Parent's and Student's Area    


Selecting a Tutor

1. Explain to your child why you think a tutor is needed and what a tutor does. Talk about what you hope will be accomplished with a tutor.  It will be more productive if your child agrees to be tutored. Ask your child to find out how many other students have a tutor. You will find the number quite amazing.

2. Upon contacting the tutor ask about training, experience, and references. Check the tutor's credentials. You may do this by using the school information they have provided. It is important that the tutor is a certified teacher or has expertise in the area being taught. Find out whether the person has experience working with students at your child's age level. If the tutor is working with a child with a learning disability, it is essential that he/she has been trained to use appropriate techniques that can address the student's special needs.  Ask to see documentation.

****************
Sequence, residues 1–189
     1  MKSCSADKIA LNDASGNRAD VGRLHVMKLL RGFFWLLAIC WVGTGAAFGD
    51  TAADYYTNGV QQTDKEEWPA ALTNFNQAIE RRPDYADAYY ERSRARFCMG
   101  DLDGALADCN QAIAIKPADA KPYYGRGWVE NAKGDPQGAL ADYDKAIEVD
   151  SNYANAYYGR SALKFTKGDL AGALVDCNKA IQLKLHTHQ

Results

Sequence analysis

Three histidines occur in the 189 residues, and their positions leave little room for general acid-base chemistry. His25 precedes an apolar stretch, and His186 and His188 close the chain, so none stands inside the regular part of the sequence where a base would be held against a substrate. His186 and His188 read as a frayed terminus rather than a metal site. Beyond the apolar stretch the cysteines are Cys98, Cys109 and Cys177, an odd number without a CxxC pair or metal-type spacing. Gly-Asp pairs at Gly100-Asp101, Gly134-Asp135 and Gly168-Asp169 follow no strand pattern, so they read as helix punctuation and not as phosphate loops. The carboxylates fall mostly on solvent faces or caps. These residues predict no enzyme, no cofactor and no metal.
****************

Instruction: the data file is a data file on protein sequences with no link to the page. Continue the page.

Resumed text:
3. Set clear goals for the tutor.  This may avoid future misunderstandings.  Whenever possible, advise your child's teacher that they are being tutored. Try to create a partnership between you, your child's teacher, and the tutor.  

4. If possible, schedule tutoring for the time of day your child is ready to learn. After-school hours are the most common time for tutoring but this is also when students are tired or distracted by other activities.  Allow for much-needed breaks from the school routine. Allow your child to arrange the time.

5. Observe your child working with the tutor.  The session should be relaxed yet professional.  The tutor should be guiding your child through direct teaching and guided practice.  Good tutors and coaches guide the learning.

6. Request periodic reports from both the tutor and your child's teacher.  

Tips Continued

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